Last week I was in Steubenville, Ohio for the Letter and Spirit Summer Institute. It was incredible.
Each day began at 6am with the Office of Readings, lead by the Franciscan Friars of the Renewal who were with us: Fr. Luke Fletcher, Br. Sebastian, Br. Felix, Br. Jacob, and Br. Paschal. Then there was an hour of silence. At 7:30pm there was Morning Prayer followed by breakfast.
We then traveled to Dr. Hahn's home for morning lectures by Dr. Hahn.
At noon we attended the Holy Sacrifice of the Mass on the campus of Franciscan University, followed by noonday prayer.
We then returned to the Hahn's home for a Bible study with Curtis Mitch (drafter of the Ignatius Study Bible) over the book of Matthew.
This was followed by Evening Prayer an an hour of Eucharistic Adoration.
We had excellent dinners every night, seasoned with stimulating conversations.
After dinner, we listened to individual presentations by a different speaker each evening. This was my favorite part of the day.
Dr. Jeremy Holmes of Ave Maria University (though soon to be part of the faculty at Wyoming Catholic College) presented “Participation, Exegesis and Liturgy”. Dr. Holmes focused on how Scripture exhibits a hermeneutic of participation. For example, Christ is not simply a replacement for King David, but rather that King David participates in the divine reality that is Christ. There interesting and important.
Dr. Ben Wiker of Steubenville presented “The Bible Politicized” which examined how the liberal textual studies that came to reign in the 19th century have their origin in nominalist tendencies arising in the 14th century.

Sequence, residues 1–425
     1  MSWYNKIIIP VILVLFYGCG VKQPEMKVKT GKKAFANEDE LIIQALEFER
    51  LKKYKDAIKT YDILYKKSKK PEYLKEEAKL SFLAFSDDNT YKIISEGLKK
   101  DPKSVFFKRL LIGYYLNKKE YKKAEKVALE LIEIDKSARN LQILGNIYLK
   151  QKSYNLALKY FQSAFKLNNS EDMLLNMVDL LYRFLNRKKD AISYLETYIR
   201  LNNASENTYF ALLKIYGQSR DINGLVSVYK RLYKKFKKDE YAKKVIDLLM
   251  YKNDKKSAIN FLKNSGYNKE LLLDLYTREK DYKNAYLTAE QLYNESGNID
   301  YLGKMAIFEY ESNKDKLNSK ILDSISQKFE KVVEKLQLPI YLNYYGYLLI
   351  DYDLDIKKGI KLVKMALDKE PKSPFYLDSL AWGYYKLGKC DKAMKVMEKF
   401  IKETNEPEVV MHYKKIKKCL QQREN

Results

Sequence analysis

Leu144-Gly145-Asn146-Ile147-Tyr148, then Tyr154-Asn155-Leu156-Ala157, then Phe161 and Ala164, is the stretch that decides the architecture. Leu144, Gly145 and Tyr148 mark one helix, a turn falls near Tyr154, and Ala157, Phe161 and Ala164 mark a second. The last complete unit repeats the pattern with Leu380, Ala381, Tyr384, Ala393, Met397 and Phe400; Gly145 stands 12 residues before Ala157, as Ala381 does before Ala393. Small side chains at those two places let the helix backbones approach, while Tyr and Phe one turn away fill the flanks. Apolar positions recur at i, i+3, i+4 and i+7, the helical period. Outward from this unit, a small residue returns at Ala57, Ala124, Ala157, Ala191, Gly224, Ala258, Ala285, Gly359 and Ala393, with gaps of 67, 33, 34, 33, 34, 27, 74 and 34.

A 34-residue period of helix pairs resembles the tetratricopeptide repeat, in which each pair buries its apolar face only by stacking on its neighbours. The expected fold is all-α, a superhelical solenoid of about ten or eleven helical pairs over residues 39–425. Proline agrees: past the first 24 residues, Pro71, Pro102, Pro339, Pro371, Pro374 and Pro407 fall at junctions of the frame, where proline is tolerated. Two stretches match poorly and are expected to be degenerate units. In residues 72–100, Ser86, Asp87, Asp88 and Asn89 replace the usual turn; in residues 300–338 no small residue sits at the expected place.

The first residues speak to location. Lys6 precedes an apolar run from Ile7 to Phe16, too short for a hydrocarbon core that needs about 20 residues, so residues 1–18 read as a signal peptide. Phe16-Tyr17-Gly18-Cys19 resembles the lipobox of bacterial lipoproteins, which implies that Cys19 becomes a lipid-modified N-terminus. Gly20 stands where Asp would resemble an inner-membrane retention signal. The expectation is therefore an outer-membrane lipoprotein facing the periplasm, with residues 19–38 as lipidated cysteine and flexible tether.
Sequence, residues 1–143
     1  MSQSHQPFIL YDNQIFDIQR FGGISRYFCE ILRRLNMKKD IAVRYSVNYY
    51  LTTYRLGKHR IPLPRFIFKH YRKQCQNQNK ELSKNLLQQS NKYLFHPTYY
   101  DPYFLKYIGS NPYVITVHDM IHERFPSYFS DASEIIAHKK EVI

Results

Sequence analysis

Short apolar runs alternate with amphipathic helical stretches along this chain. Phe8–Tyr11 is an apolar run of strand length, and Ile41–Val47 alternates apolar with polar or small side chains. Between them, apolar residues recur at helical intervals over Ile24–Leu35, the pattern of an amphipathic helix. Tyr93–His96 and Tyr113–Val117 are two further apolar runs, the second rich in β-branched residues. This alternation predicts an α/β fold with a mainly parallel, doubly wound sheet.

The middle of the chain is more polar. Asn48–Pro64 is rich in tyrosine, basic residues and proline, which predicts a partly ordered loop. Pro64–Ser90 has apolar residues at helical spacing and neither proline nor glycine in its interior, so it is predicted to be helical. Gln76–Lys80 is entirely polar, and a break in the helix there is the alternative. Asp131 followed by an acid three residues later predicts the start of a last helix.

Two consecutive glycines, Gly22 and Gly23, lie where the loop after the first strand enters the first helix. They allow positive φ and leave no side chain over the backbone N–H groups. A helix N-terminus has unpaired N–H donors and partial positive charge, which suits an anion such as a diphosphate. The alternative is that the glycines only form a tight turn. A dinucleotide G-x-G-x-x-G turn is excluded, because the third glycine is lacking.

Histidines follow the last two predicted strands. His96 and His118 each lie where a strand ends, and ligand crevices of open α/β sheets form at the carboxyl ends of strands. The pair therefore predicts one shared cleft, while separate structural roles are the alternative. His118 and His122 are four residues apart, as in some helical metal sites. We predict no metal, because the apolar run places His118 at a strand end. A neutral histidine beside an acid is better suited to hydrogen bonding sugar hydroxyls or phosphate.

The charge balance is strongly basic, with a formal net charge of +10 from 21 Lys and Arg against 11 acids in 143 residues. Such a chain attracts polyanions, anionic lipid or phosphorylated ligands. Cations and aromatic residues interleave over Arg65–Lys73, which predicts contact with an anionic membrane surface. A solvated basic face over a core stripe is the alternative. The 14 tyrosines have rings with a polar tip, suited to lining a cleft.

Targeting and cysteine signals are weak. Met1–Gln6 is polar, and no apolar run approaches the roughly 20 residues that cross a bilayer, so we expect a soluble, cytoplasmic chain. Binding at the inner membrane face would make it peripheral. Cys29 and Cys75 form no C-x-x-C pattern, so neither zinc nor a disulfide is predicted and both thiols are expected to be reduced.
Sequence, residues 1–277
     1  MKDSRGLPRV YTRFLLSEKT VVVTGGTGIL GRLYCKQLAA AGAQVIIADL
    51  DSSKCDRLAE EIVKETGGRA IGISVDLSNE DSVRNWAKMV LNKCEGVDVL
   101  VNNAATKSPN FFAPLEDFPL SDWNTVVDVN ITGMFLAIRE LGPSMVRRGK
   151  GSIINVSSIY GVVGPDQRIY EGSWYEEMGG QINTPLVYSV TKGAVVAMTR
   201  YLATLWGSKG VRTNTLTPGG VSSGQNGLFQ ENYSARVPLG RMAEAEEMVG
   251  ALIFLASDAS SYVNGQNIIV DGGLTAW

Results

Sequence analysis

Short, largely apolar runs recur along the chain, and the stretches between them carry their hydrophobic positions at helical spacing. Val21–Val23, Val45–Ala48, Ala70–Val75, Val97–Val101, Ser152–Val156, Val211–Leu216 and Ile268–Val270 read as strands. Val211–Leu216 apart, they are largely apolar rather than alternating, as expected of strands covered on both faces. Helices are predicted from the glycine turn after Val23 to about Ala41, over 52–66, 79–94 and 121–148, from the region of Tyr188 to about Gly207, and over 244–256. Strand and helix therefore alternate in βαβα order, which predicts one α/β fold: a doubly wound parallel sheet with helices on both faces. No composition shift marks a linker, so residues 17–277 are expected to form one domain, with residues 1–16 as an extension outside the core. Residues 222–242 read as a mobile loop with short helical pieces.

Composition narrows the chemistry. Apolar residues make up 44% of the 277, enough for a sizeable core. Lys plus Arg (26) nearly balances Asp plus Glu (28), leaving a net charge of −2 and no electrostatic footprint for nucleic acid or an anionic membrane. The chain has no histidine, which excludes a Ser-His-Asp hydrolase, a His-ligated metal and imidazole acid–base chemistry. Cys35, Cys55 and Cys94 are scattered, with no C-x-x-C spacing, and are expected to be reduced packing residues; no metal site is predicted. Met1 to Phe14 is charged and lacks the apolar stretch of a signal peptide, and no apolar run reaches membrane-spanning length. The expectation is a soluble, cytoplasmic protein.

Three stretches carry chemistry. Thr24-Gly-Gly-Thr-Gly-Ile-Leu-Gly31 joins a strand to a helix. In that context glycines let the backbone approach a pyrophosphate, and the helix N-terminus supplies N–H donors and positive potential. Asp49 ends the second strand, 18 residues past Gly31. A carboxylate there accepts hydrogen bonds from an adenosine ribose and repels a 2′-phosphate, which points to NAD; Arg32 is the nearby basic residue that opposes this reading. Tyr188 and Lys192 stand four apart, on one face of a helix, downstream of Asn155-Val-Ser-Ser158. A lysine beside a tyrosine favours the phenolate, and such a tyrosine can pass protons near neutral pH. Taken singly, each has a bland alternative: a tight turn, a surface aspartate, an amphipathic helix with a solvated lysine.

Dr. Jeff Morrow of the University of Dayton presented, “Modern Biblical Interpretation and the Sacramental Hermeneutic” in which he familiarized us with Leo XIII's Deus Proventissumus and Pius XII's Divino Afflante Spritu and the modernist controversy of the early 20th century in Catholic biblical studies.
On Thursday night, Dr. Bryan Stewart, the only non-Catholic presenter gave an interesting presentation entitled “Levitical Paradigms for Christian Ministers in the Third and Fourth Century Church”. In his presentation, Dr. Stewart demonstrated how early church fathers already described the Christian clergy with sacerdotal language and concepts.
On Friday night, Dr. John Bergsma presented “All Israel: The Eschatalogical Self-Identity of the Qumran Community”. Dr. Bergsma drew out the distinctions between "Jew, Judean, Israelite, and Hebrew" in the second temple era. The Qumran community understood itself as "children of Israel" and not "Jewish". Similar distinctions can be found in the New Testament, especially in John's writings and those of Paul.
Each evening concluded with Compline (Night Prayer), the chanting of the Salve Regina, and the Holy Rosary.
It was a fantastic week. The Friars of the Renewal were like sacred leaven in our midst. There is always a temptation at academic gatherings to leave behind the heart in pursuit of the mind. This week reminded me once again that academic pursuits should lead us more deeply into the Sacred Heart of Christ. The week was as much a retreat as it was a summer institute.
A special thank you to Dr. Scott Hahn and Matthew Leonard of the Saint Paul Biblical Center for putting together such a wonderful week. I can't wait for next year.
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